Boston Business Journal: The Federal Reserve has expanded its $600 billion Main Street Lending Program to serve much smaller businesses.

The program — first announced as part of the Fed’s larger $2.3 trillion package of loan and bond initiatives — now has lower loan limits, with a minimum size of $250,000. That’s down from a $500,000 limit announced in May, also lowered at that time. The loan terms have also been lengthened from four years to five years, according to an announcement Monday by the Federal Reserve.

Other changes to the Main Street Lending Program include:

  • The maximum loan sizes have now been upped from $25 million to $35 million for new loans and up to $50 million for priority loans, which had also been capped at $25 million.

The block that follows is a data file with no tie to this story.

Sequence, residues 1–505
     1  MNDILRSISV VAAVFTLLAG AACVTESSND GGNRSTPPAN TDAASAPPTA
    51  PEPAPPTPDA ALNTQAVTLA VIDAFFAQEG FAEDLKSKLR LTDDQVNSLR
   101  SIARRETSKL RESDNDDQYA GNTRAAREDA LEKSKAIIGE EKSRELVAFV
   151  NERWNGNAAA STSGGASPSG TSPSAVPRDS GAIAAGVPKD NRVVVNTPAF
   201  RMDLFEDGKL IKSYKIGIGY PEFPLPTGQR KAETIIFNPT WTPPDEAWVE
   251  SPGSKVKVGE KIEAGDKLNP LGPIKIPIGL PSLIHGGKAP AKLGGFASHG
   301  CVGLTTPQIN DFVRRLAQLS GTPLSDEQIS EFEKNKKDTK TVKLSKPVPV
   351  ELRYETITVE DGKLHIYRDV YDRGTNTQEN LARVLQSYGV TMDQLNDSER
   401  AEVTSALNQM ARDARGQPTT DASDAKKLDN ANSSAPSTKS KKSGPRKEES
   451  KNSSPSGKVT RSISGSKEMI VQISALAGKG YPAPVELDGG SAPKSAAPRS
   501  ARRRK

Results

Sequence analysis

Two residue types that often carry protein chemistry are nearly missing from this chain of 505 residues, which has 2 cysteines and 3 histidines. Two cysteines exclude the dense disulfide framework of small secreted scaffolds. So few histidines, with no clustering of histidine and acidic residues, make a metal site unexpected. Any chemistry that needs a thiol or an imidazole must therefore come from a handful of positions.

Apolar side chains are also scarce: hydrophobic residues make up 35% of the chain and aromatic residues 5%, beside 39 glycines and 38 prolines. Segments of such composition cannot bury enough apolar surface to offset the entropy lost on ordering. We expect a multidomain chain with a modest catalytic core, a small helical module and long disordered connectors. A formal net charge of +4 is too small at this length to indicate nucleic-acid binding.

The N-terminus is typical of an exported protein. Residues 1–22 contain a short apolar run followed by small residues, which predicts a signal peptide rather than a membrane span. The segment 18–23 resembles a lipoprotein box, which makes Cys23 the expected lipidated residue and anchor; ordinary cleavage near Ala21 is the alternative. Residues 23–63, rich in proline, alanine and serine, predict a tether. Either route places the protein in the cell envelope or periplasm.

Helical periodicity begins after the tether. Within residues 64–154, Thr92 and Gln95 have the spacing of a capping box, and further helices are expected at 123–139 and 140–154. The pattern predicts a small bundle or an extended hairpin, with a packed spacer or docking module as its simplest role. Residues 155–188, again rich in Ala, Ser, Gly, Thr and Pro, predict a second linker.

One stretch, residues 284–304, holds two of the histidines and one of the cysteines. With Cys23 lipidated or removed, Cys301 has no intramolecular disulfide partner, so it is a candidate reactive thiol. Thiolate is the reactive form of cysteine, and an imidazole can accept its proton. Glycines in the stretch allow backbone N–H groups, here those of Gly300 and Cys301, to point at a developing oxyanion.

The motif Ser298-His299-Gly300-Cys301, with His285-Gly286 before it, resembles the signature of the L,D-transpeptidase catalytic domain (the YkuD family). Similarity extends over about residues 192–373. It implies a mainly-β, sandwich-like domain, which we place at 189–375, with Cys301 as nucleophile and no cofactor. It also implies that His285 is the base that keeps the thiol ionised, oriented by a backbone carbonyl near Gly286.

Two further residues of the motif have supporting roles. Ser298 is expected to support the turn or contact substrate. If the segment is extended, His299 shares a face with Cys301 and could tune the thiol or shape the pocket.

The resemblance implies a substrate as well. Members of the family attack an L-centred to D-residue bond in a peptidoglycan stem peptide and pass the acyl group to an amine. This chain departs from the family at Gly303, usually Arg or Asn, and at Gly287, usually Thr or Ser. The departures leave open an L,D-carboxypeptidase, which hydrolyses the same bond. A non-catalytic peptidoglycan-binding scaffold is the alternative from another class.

• Banks now only have to hold 5% of priority loans, down from 15% before. New loans remain unchanged at 5%.
  • Principal payments on new loans will now be deferred for two years, up from one year, with 33% payments due in each of the years following that for new loans. Priority loans will see a 15% repayment in the first year and then 70% repayment in years two, three and four.
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